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Faculty Grievance Committee

For the Faculty Grievance Committee, 2005-06 has been an extremely easy year for handling new individual grievances and a very frustrating year for passing and implementing needed changes to the grievance process.

The appointment of a faculty ombudsman has been a huge success, and Faculty Ombudsman Stan Roux has been doing a superb job. As a result, no new grievances have been filed since September 1. Several cases were resolved informally, although several others may yet result in a grievance.

Professor Roux is completing his second year as faculty ombudsman, and we strongly support his reappointment for a second 2-year term. We are concerned that his workload is larger than anticipated, and we urge the administration to find ways to ease his burden, while respecting the confidentiality of his role. We also support the eventual hiring of a second ombudsman, whose first year would overlap with Professor Roux’s final year so as to allow a smooth transition.

There was one grievance hearing this year, in response to a grievance filed in August 2005. The hearing panel has issued its observations and chose not to recommend any specific actions.

On the legislative front, this has been a difficult year. In September 2004, the Faculty Grievance Committee concluded that the existing grievance procedures were fundamentally unfair, allowing little or no possibility of relief for faculty members grieving against administrators. We suspended the handling of individual grievances until these problems could be fixed. Throughout the 2004-05 academic year, we negotiated changes to HOP 3.18 and HOP 4.03 with the administration. We commend the administration for working cooperatively with us on these changes, and we applaud the eventual legislation that the Faculty Council passed in May 2005. President Faulkner approved the changes in August 2005 and sent the legislation to the UT System office for final approval. In response to these events, and believing that the problems had been successfully addressed, we resumed processing grievances in August 2005.

Unfortunately, the UT System office did not respond to the recommended changes until March 2006, at which time they reported significant objections to the proposed legislation. With the help of President Powers, we agreed on an approach to the outstanding issues and had a very productive meeting with Helen Bright from UT System. We are cautiously optimistic that language acceptable to all can be worked out by the end of the semester and will report back to the Faculty Council the results of our continuing efforts.

However, this would only be a partial fix. UT System has requested and we have agreed to attempt a rewrite of HOP 3.18. This rewrite would not change our procedures in any way, but it would make clear the differences between cases involving termination, denial of tenure, discipline, and other grievances, and clarify the jurisdictional boundaries between the Grievance Committee and CCAFR. It would also clarify how practices at UT Austin adhere to Regents’ Rules. We will begin this task as soon as the legislation that the Faculty Council passed last year receives final approval.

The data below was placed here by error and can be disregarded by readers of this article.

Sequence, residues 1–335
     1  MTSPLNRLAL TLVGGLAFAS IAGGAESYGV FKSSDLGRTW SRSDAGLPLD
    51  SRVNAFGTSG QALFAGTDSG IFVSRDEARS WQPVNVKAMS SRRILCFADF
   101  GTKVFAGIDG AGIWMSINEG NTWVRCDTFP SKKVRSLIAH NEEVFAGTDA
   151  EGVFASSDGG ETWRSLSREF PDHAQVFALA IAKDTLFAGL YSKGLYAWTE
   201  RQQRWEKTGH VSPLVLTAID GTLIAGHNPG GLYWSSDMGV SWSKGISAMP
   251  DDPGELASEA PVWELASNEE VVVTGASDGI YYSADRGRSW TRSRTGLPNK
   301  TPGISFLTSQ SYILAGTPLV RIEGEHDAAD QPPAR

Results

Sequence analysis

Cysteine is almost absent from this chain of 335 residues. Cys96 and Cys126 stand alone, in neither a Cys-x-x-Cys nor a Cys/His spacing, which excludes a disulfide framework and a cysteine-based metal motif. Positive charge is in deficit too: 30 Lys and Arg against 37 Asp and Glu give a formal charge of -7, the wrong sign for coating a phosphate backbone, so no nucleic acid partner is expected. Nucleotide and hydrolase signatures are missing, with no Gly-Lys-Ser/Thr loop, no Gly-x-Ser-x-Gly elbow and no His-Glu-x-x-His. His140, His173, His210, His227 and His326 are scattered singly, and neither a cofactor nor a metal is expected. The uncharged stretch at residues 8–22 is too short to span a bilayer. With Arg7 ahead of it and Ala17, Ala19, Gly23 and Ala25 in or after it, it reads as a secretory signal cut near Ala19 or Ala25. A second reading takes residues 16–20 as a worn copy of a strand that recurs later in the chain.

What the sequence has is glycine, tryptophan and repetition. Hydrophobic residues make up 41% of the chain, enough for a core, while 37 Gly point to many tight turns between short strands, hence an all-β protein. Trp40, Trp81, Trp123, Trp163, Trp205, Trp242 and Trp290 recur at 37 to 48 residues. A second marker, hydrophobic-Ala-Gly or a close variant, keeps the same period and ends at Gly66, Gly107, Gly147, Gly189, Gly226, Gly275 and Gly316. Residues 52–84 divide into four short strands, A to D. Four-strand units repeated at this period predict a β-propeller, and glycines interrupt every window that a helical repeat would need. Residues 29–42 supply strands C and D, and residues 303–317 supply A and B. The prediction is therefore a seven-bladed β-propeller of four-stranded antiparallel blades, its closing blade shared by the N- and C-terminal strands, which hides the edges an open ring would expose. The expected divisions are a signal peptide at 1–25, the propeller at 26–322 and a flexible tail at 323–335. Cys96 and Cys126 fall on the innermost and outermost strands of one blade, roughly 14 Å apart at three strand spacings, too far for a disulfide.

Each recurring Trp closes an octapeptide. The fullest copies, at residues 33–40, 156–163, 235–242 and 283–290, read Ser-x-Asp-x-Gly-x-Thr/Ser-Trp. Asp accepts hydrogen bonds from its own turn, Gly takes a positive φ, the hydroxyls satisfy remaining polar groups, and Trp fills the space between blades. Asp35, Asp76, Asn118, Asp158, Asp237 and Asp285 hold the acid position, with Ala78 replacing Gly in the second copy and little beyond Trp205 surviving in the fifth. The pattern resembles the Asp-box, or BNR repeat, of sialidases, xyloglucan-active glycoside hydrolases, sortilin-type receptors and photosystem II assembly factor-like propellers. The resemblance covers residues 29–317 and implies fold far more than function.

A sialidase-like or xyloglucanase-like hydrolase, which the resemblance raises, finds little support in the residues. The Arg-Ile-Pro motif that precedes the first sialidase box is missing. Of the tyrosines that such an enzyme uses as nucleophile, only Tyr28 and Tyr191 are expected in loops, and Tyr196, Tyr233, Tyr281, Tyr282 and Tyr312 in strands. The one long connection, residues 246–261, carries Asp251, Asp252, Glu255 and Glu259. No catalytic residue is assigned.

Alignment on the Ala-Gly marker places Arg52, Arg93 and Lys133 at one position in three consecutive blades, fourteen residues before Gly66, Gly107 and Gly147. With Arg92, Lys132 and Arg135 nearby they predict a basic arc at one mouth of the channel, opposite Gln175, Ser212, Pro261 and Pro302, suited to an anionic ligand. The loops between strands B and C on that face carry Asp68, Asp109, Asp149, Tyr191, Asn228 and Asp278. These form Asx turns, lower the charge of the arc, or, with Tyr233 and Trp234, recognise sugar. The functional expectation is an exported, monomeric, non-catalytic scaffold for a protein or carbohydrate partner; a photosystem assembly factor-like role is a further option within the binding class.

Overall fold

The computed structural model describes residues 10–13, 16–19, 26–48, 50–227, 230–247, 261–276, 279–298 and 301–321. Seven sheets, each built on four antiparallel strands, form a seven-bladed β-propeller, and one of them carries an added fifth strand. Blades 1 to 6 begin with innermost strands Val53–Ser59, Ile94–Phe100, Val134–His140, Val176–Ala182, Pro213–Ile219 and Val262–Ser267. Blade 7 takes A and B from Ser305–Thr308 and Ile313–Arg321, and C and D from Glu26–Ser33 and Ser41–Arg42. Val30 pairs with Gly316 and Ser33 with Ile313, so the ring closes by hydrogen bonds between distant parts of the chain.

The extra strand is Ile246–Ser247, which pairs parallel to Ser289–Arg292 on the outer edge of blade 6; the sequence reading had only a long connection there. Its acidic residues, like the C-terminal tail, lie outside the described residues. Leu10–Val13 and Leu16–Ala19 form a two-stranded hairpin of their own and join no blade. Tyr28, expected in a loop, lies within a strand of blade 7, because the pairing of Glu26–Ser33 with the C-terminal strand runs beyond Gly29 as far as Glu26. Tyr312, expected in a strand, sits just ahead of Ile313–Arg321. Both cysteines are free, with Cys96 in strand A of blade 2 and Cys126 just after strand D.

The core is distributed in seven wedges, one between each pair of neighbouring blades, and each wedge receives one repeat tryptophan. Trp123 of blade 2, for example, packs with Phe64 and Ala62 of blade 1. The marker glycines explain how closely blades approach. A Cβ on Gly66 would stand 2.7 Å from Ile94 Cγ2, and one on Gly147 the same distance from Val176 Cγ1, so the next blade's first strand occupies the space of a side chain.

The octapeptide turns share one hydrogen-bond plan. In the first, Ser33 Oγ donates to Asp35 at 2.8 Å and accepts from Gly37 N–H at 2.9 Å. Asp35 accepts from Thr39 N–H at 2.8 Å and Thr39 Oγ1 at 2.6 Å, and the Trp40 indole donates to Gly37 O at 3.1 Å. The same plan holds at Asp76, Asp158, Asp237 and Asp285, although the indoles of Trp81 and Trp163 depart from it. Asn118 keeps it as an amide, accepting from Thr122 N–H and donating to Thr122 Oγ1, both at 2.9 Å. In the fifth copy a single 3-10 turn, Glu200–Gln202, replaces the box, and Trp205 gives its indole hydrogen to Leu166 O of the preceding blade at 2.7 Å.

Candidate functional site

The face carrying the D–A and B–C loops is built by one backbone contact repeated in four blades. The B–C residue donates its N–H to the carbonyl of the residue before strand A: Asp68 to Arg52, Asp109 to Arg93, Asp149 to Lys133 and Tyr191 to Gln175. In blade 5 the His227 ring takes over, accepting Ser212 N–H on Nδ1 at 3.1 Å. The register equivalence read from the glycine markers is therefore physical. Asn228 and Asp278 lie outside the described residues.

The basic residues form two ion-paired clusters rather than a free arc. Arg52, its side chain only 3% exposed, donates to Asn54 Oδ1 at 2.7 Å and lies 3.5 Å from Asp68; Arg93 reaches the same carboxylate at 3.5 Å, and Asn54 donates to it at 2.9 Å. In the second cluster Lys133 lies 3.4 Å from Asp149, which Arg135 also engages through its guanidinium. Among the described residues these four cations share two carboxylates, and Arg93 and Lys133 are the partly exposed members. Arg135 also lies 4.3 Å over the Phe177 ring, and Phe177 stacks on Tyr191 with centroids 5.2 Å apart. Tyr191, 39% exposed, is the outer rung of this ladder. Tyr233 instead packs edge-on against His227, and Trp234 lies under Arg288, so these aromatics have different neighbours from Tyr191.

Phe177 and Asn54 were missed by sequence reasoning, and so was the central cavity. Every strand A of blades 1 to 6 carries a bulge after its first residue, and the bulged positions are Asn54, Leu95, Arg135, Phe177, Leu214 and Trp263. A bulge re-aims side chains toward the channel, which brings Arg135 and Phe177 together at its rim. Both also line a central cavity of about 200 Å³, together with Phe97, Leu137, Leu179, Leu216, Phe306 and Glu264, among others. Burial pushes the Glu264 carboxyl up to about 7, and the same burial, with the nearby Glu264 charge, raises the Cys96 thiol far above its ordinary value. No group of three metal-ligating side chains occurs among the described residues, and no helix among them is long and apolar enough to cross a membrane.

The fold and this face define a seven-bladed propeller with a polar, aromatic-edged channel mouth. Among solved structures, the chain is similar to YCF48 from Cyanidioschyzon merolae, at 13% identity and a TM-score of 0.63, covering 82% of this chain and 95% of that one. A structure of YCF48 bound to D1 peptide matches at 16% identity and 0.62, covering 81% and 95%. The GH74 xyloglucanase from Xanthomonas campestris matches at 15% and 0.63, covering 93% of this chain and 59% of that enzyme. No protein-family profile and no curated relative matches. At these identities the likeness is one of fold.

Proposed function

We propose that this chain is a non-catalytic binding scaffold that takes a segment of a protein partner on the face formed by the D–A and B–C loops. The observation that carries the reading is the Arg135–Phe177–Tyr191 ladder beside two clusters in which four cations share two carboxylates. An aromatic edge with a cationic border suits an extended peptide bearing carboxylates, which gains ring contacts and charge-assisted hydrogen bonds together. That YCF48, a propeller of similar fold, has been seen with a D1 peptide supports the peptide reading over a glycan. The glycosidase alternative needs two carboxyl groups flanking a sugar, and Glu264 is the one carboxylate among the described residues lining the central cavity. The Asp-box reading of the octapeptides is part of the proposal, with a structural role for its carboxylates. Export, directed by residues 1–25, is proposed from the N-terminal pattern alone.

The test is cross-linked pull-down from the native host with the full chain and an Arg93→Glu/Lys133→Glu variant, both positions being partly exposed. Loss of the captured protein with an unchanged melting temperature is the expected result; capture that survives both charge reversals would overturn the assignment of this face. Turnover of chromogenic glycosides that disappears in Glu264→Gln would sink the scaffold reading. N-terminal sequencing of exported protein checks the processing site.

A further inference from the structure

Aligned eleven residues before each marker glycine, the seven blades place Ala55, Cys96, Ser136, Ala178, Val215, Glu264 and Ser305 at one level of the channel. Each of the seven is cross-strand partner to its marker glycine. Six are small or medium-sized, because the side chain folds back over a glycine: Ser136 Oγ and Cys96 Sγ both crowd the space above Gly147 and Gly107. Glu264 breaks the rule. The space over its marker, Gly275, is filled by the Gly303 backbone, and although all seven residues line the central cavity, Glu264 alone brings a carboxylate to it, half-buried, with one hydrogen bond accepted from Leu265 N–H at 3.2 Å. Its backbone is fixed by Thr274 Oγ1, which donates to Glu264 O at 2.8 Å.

Some of the reforms in that legislation are already being followed on this campus. The most important concerns follow-up procedures to ensure that the recommendations of hearing panels are carried out. An important test case is that of a faculty member whose grievance was heard May 2005. The provost reported at the end of the fall semester about progress toward ensuring the recommendations are satisfactorily accomplished; however, several major ones were still unresolved. The grievance committee discussed this with the provost on April 3, and we are hoping for a report at the end of the spring semester that indicates much greater progress.

HOP 4.03 governs grievances by TAs and AIs, which we hope to amend to make parallel with grievances for faculty. In response to discussion about this during a Faculty Council meeting last year, we drafted a version of HOP 4.03 that would cover all graduate student employees and that would also reflect the changes made to HOP 3.18. This effort is currently stalled as a consequence of the impasse over HOP 3.18. In addition, substantial practical problems remain in extending the HOP 4.03 rules to govern RAs. Our recommendations are that:

RAs be covered by the staff grievance process rather than the faculty grievance process,
While limited to AIs and TAs, HOP 4.03 should be as parallel to HOP 3.18 as possible.

Given our ongoing task of revising HOP 3.18, we think it best to leave HOP 4.03 until HOP 3.18 revisions are finished, presumably during the next academic year.

Lorenzo Sadun, chair

  Updated 2006 August 29
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